Which Soft Skills are Needed for Farming?
Soft Skills for Farming

©Andile Bhala
In farming, time management is essential. Try to be early for work and any appointments.
In farming, not only hard skills are needed (for example how to drive, vaccinate, irrigate or prune plants) but also soft skills such as good clear communication, positive attitude and honesty. Remember that everything you do creates an impression on someone. Make sure those impressions are positive.

Here are a few soft skills needed to become a successful farmer.

Manage Your Time

When farming, being on time is important. In fact, try to be early for work every day. When you leave in the evening, ensure that everything is in order. By doing this, you show that you are keen. Those few minutes are not making a big difference to you but might leave a huge impression with your employer. You are also training yourself to take responsibility and might be setting yourself up for a managerial position.

Always be on time for appointments. For example, when you think it will take 30 minutes to get there, leave 45 minutes before the meeting time.

Have the contact number of the person you are meeting and let them know when something happens that might cause a delay.

Have a Positive Attitude

Your attitude will take you further in life than almost any other asset you may have. A good attitude means to be keen and hard working. Be willing to take on extra tasks and do not be grumpy. A positive attitude makes it nice for other people to be around you.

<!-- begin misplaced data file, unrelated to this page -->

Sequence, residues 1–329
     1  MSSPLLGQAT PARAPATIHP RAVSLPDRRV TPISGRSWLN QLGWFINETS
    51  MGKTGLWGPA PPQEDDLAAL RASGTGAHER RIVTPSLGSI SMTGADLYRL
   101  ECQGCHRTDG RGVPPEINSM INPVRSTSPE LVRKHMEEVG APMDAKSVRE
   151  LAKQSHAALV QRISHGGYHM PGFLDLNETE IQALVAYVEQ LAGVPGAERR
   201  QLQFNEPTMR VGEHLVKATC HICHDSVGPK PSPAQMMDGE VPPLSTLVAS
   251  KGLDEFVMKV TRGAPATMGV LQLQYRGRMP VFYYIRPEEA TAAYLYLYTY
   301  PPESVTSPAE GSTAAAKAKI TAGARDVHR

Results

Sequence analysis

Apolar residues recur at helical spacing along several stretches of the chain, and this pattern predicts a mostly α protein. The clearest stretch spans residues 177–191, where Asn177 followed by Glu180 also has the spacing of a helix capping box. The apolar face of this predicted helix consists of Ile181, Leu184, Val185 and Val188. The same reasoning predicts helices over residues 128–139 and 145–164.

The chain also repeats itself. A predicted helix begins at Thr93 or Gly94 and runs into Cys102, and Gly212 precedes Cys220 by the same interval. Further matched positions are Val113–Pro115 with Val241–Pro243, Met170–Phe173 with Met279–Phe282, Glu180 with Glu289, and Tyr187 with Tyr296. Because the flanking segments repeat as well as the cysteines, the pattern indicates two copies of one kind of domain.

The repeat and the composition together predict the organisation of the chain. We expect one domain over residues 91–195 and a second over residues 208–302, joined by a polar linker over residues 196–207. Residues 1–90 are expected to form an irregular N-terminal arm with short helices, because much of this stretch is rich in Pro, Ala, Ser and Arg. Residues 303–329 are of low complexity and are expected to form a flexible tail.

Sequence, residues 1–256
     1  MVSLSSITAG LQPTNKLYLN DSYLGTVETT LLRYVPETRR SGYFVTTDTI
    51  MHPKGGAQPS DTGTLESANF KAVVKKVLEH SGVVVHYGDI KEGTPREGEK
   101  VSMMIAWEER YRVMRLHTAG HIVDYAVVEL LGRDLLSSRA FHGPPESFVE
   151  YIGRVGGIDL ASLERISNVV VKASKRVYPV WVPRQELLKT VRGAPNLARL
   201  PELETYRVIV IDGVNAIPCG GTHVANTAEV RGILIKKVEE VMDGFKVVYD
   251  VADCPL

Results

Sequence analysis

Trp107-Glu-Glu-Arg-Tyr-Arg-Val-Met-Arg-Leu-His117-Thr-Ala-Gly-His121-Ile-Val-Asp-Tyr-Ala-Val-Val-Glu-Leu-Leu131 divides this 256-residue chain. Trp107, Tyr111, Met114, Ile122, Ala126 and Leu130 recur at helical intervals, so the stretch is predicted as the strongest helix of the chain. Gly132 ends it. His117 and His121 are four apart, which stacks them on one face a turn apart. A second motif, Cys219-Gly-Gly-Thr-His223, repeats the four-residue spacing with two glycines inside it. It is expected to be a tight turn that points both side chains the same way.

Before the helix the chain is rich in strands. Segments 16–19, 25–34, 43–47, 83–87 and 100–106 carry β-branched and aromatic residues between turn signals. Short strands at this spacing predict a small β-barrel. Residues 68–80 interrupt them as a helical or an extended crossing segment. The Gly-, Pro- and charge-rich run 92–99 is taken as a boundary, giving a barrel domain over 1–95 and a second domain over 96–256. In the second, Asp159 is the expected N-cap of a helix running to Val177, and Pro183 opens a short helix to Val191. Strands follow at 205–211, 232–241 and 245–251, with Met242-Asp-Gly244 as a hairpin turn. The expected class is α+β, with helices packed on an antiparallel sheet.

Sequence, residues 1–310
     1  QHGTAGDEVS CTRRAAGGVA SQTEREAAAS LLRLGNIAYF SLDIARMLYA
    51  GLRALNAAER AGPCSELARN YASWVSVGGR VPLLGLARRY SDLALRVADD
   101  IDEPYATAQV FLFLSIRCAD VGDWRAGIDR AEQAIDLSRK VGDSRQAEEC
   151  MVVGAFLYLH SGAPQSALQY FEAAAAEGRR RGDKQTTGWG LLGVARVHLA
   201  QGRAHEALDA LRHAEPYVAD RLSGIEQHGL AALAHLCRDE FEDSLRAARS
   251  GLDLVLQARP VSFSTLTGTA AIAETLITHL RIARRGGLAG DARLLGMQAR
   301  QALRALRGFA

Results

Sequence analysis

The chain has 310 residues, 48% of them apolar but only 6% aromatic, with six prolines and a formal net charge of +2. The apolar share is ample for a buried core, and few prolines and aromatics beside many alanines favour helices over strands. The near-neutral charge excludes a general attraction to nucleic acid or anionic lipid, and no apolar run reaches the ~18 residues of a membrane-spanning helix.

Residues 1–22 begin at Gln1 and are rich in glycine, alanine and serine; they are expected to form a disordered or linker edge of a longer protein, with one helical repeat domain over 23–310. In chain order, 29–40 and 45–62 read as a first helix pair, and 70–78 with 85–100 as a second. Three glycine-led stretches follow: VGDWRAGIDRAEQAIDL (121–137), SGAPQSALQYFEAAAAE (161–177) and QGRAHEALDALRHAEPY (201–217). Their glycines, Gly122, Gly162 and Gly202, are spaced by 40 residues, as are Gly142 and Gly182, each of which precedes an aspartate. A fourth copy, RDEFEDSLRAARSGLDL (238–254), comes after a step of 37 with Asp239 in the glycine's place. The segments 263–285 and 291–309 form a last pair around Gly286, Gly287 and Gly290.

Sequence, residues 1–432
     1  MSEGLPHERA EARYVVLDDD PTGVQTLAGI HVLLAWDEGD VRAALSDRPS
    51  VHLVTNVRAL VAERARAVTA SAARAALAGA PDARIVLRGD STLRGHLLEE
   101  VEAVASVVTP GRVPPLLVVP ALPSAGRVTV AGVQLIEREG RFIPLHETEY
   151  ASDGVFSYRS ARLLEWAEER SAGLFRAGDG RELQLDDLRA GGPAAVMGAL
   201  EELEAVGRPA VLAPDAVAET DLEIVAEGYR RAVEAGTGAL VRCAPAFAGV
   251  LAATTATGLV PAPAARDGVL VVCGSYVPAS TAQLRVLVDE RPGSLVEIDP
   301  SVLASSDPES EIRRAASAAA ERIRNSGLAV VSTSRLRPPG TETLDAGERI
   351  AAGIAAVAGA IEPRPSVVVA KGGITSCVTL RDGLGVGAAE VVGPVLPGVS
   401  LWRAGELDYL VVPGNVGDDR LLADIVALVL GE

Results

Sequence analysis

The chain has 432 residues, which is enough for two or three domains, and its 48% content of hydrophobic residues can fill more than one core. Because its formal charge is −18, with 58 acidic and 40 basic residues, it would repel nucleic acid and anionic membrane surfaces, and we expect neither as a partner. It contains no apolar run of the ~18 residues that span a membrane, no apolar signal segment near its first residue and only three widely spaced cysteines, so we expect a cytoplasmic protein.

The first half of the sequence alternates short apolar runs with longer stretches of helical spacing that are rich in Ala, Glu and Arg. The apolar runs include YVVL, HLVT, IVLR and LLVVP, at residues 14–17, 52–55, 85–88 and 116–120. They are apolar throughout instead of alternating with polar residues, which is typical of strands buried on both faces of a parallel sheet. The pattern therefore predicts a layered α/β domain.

Do not be arrogant. When you are in a senior position, you may not be a leader because of your position. You will be a leader if people look up to you. Be one of the team and lead from within the team. If they respect you and know that you care about them, they will make you their leader and follow your example.

Show Good Work Ethics

What does work ethics mean? It is your attitude to your work. It means you do your work with attention to detail. Keep a notebook and pen in your pocket to make notes and write down questions.

Look for opportunities to learn and do more than what is expected of you. At the end of the day, you are not really doing it for your employer, you are doing it for yourself.

Always Be Honest

Honesty and trustworthiness are closely interlinked, yet not the same thing. If you are always honest, your employer and people around you will trust you.

Everyone makes mistakes, but the way you deal with a mistake could end up being more important than the mistake itself. If you made a mistake - big or small - tell your employer. Take responsibility. Your employer will appreciate your good attitude and your braveness to stand in front of him/her and say ‘sorry’.

Do the Job Right

Make sure you get the details right - it can mean the difference between failure and success. If you are given a job to do, make sure it is done right and properly.

Doing something right is not the same as micro-managing. If you have people working for you, make sure they know their work and that you trust them. Allow them to make decisions within their area of responsibility.

Be Helpful

If you see that someone needs help with a job, go to their aid. It does not matter what the job is or who they are. Show that you care - you might later need their help too.

Former Future Farmer apprentice Lunga Ndwandwa sums up the soft skills needed for farming: ‘Love is the most important element. You must love what you are doing. It affects your attitude and life becomes easy. Always be the first at work and the last to leave. Work as if it is your own business because if you do, one day you will be working for yourself.’

By Judy Stuart